;; ADDITIONAL SECTION:

station1.tuxbuddy.raina.com. 86400 IN A 10.14.77.33

;; Query time: 1 msec

;; SERVER: 10.14.77.33#53(10.14.77.33)

;; WHEN: Wed Oct 7 07:28:30 2009

;; MSG SIZE rcvd: 114

[root@localhost named]#

Just See..Your IP is resolving to Hostname and vice versa.

Other Way to see if things work or not !!

[root@localhost named]# host 10.14.77.33

33.77.14.10.in-addr.arpa domain name pointer station1.tuxbuddy.raina.com.

[root@localhost named]#

These too,

[root@localhost named]# host www

www.tuxbuddy.raina.com has address 10.14.77.33

[root@localhost named]#

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How to test Multicast Packet Filtering?

Today morning I started my day testing with Multicast Packet Filtering. I had buntu 12.04.1 and CentOS 6.5 in my VM running over ESX 5.5.I decided to make CentOS as Client and Ubuntu as server for the setup.

iperf-client-server
First of all, I downloaded iperf as I had no YUM working at my internal lab.
Its simple to install,download the package and install. Luckily, I dint get any dependency hell.

On Ubuntu Box:

SERVER MACHINE
=====================================

sudo iperf -s -u -B 224.0.65.68 -i 1
————————————–

server listening on UDP port 5001
Binding to local address 224.0.65.68
Joining multicast group 224.0.65.68
UDP Buffer size: 120 Kbytes(default)
——————————————

[ 3] local 224.0.65.688 port 5001 connected with 10.112.173.86 port 38577
[ 3] 0.0.-1.0 sec 128 KBytes 1.05 Mbits/sec 0.228 ms 0/ 89 (0%)

On CenTOS Box(Client):

iperf -c 224.0.65.68 -u -T 5 -t 5
———————————-
Client connecting to 224.0.65.68, UDP port 5001
sending 1470 byte datagrams
setting multicast TTL to 5
UDP buffer size: 126 KBytes(default)
——————————————
[ 3] local 10.112.173.86 port 38577 connected with 224.0.65.68 port 5001
[ 3] 0.0- 5.0 sec 642 Kbytes 1.05 Mbits/sec
[ 3] Sent 447 datagrams

1.It clearly shows that multicast address is 224.0.65.68.
e.g. server> iperf -s -u -B -i 1

This will have the iperf servers listening for datagram (-u) from the address (-B multicast address), with a periodic interval of 1s (-i 1)

2. Configure the client VM, connecting to the multicast group address and setting the TTL (-T, –ttl) as needed
e.g. client> iperf -c -u -T 5 -t 5

This will have the client connected to the multicast address (-c multicast address), with a TTL of 5 (-T 5), sending data for 5 seconds
NOTE: Use tcpdump or ethereal on server VMs to capture and analyze IP packets and ensure its validity.

Run the test for 120 sec.

That’s it..
You Have just finally tested Multicast packet Filtering.

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Understanding /proc/cpuinfo

A hyperthreaded processor has the same number of function units as an older, non-hyperthreaded processor. It just has two execution contexts, so it can maybe achieve better function unit utilization by letting more than one program execute concurrently. On the other hand, if you’re running two programs which compete for the same function units, there is no advantage at all to having both running “concurrently.” When one is running, the other is necessarily waiting on the same function units.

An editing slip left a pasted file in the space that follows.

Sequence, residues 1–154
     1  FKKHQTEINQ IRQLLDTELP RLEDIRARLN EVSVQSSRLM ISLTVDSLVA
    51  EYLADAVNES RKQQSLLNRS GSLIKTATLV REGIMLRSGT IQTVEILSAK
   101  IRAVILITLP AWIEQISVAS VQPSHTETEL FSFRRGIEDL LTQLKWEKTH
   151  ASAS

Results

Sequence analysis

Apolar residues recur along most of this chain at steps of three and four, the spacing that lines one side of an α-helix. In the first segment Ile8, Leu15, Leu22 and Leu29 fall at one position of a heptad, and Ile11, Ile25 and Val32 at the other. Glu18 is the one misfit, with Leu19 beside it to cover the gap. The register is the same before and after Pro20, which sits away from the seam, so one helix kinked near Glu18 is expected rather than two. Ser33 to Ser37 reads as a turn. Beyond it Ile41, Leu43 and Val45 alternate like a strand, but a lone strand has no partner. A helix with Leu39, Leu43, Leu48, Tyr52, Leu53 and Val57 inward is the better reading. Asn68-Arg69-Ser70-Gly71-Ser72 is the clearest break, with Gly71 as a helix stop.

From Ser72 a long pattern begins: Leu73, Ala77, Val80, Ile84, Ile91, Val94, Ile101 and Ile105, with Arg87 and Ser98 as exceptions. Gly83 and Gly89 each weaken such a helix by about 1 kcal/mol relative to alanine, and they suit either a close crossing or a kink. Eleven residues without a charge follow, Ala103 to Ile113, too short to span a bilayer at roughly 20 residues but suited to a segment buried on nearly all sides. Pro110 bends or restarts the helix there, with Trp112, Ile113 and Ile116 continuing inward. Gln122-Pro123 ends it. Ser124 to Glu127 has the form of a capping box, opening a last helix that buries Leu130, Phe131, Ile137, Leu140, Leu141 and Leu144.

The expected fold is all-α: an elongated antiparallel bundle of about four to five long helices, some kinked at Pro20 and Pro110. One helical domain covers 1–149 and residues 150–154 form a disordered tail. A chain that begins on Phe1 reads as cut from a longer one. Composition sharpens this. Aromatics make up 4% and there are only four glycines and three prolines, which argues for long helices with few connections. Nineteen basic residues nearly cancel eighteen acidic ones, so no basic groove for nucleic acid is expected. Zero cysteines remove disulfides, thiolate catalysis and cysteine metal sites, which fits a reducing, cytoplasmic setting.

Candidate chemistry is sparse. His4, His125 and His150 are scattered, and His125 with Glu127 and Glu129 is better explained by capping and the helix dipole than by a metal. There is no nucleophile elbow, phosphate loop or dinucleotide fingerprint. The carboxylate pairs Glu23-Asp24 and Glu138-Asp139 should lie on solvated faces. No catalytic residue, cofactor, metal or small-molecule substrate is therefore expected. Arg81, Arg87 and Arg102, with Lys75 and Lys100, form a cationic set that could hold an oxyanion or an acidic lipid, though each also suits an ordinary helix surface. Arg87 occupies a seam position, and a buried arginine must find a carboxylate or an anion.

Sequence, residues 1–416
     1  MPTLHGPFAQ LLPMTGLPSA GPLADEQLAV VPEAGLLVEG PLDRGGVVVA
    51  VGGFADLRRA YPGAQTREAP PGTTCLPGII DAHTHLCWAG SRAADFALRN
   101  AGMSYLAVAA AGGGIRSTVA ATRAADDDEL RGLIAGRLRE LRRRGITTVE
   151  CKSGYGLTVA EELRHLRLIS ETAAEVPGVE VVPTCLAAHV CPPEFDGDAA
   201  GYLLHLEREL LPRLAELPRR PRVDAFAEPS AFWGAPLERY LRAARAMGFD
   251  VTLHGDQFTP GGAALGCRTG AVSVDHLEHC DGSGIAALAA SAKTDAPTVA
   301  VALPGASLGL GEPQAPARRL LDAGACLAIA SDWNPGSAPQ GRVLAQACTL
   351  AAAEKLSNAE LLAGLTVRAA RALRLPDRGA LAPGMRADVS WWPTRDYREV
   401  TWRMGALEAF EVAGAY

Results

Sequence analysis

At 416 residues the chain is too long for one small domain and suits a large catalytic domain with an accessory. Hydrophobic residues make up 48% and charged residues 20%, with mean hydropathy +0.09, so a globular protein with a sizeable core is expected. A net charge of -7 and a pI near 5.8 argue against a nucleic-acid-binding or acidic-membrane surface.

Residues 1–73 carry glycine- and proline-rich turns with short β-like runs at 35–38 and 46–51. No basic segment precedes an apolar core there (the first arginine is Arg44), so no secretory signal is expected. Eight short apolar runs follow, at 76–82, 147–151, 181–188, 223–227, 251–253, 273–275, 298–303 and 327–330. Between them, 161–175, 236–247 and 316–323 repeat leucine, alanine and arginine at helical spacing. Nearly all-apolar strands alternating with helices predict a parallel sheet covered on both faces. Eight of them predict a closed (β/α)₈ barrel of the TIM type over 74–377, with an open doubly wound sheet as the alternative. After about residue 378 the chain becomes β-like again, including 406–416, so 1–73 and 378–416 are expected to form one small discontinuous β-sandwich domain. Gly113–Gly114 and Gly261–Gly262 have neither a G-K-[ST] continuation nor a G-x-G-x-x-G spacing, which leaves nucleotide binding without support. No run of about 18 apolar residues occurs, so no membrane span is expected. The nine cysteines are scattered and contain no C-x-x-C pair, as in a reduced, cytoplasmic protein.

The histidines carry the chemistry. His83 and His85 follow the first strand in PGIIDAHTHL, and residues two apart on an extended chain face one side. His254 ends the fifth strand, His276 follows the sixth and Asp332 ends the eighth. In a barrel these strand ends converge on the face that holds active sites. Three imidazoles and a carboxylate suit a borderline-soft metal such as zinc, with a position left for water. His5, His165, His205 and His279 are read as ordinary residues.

cpu

A dual core processor literally has two times as many function units as a single-core processor, and can really run two programs concurrently, with no competition for function units.

A dual core processor is built so that both cores share the same level 2 cache. A dual processor (separate physical cpus) system differs in that each cpu will have its own level 2 cache. This may sound like an advantage, and in some situations it can be but in many cases new research and testing shows that the shared cache can be faster when the cpus are sharing the same or very similar tasks.

In general Hyperthreading is considered older technology and is no longer supported in newer cpus. Hyperthreading can provide a marginal (10%) for some server workloads like mysql, but dual core technology has essentially replaced hyperthreading in newer systems.

A dual core cpu running at 3.0Ghz should be faster then a dual cpu (separate core) system running at 3.0Ghz due to the ability to share the cache at higher bus speeds.

The examples below details how we determine what kind of cpu(s) are present.

The kernel data Linux exposes in /proc/cpuinfo will show each logical cpu with a unique processor number. A logical cpu can be a hyperthreading sibling, a shared core in a dual or quad core, or a separate physical cpu. We must look at the siblings, cpu cores and core id to tell the difference.

If the number of cores = the number of siblings for a given physical processor, then hyperthreading is OFF.

/bin/cat /proc/cpuinfo | /bin/egrep ‘processor|model name|cache size|core|sibling|physical’

Example 1: Single processor, 1 core, no Hyperthreading

processor : 0
model name : AMD Duron(tm) processor
cache size : 64 KB

Example 2: Single processor, 1 core, Hyperthreading is enabled.

Notice how we have 2 siblings, but only 1 core. The physical cpu id is the same for both: 0.

processor : 0
model name : Intel(R) Pentium(R) 4 CPU 2.80GHz
cache size : 1024 KB
physical id : 0
siblings : 2
core id : 0
cpu cores : 1
processor : 1
model name : Intel(R) Pentium(R) 4 CPU 2.80GHz
cache size : 1024 KB
physical id : 0
siblings : 2
core id : 0
cpu cores : 1

Example 3. Single socket Quad Core

Notice how each processor has its own core id. The number of siblings matches the number of cores so there are no Hyperthreading siblings. Also notice the huge l2 cache – 6 MB. That makes sense though, when considering 4 cores share that l2 cache.

processor : 0